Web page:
Entries in painting (1)


Gerhard Richter Painting - the hyperrationalist

Last week I went to see the documentary "Gerhard Richter Painting." Simple, but clever title, as it can be read three ways: 1. the noun Gerhard Richter Painting. An object. 2. The gerund: Richter in motion, Richter painting. That is what this movie shows us -- Richter painting, the process, documenting himself. 3. Painting with a capital "P.' As in, Gerhard Richter on Painting. Richter explaining what makes a painting. This is someone who will rhapsodize on the ineffability of Painting then pick up a few buckets of paint and a giant squeegee and have a blast. 

My wife, Betsey, reminded me that Rem Koolhaas loves Richter. Understandable. They are both anti-stylists, eschewing a recognizable "look" (although in both cases there are certainly familiar gestures and techniques). The Koolhaas process has been labeled "hypperrational" -- indicating the development of program and pragma and process so diligently, to an extreme degree, as to swerve off the normative path and discover surprising novelty. The personal and emotional, as well as the formal, are suppressed, but in the end the building is expressive on multiple levels, often more so than one resulting from an explicitly subjective, gestural design process (Gehry being the most extreme example).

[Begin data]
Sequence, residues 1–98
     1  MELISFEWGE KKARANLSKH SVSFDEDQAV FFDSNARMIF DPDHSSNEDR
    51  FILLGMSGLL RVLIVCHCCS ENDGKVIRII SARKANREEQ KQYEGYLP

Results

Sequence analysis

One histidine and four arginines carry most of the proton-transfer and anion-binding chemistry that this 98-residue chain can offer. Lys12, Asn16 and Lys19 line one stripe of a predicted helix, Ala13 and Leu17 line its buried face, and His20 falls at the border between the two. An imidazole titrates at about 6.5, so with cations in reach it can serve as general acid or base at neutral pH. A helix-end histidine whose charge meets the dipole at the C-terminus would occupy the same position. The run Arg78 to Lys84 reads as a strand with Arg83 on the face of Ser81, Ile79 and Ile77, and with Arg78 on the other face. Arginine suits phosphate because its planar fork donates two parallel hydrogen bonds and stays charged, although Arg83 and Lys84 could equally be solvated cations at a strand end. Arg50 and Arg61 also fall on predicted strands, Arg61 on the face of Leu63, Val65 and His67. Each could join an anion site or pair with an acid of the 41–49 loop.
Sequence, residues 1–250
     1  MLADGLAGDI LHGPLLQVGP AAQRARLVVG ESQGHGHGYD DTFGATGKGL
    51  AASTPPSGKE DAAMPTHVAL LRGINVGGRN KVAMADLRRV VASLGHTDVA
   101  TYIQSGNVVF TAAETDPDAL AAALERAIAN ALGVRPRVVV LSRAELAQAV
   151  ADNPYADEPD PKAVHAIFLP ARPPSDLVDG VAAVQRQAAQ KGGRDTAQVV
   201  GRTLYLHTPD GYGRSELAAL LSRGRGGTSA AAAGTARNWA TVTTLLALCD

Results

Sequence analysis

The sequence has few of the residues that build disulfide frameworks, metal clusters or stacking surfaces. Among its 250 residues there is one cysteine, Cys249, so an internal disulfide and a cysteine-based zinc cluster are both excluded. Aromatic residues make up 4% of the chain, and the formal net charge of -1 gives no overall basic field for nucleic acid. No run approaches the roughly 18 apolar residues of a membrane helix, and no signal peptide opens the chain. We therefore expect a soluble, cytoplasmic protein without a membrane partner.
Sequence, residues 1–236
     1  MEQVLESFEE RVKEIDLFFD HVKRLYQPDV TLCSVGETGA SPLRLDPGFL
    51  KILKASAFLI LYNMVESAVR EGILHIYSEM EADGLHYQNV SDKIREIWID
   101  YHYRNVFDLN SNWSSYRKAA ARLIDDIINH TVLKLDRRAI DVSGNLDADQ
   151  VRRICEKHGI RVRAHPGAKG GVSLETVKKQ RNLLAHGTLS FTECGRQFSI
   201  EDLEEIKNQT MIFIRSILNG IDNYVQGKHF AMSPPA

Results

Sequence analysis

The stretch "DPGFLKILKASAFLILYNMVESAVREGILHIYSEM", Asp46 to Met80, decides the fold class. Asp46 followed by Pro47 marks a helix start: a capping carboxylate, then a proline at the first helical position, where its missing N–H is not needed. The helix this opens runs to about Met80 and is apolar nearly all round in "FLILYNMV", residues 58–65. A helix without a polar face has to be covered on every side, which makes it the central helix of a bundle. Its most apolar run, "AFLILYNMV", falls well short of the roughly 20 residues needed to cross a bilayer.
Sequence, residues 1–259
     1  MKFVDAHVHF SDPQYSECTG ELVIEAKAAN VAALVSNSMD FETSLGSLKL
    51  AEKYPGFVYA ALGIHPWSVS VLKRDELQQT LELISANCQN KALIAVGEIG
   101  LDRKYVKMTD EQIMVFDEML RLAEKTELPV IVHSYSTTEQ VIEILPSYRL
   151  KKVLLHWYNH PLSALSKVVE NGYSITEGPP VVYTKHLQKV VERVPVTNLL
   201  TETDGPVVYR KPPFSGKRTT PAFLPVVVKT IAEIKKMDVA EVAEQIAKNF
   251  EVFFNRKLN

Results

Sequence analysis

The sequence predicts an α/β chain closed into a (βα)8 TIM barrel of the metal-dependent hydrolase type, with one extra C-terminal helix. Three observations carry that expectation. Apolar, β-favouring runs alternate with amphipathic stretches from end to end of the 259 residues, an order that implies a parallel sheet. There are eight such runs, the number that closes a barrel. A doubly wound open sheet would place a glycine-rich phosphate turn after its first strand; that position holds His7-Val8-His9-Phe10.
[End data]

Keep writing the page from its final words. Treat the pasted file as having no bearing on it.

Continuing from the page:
This subtlety of expression is at work in Richter. He painstakingly explores the dynamics of candle flame, experiments with optical effects, replicates casual family snapshots. He cannot talk, he professes, about painting because painting is the expression of his process, his thought. There is a teutonic straightforwardness in how he talks about his projects, but the results are complex and beautiful.

What is enjoyable, and even humorous, in this film to longtime fans, is that at this particular moment in Richter's career, which you may reasonably call his twilight (as he is a youthful octagenarian), he is having fun and acting playful. He accepts a few buckets of vibrantly colored paint from an assistant and applies it to a large canvas liberally with a housepainting brush. With his improbably wide squeegee he is seen to draw the colors together across the canvas, laboring to maintain pressure. He evaluates the results and repeats until it is done. This is a sly performance for the camera. He is painting to show us how he paints, in a way that the camera can perceive: laboring, looking, thinking, and appreciating.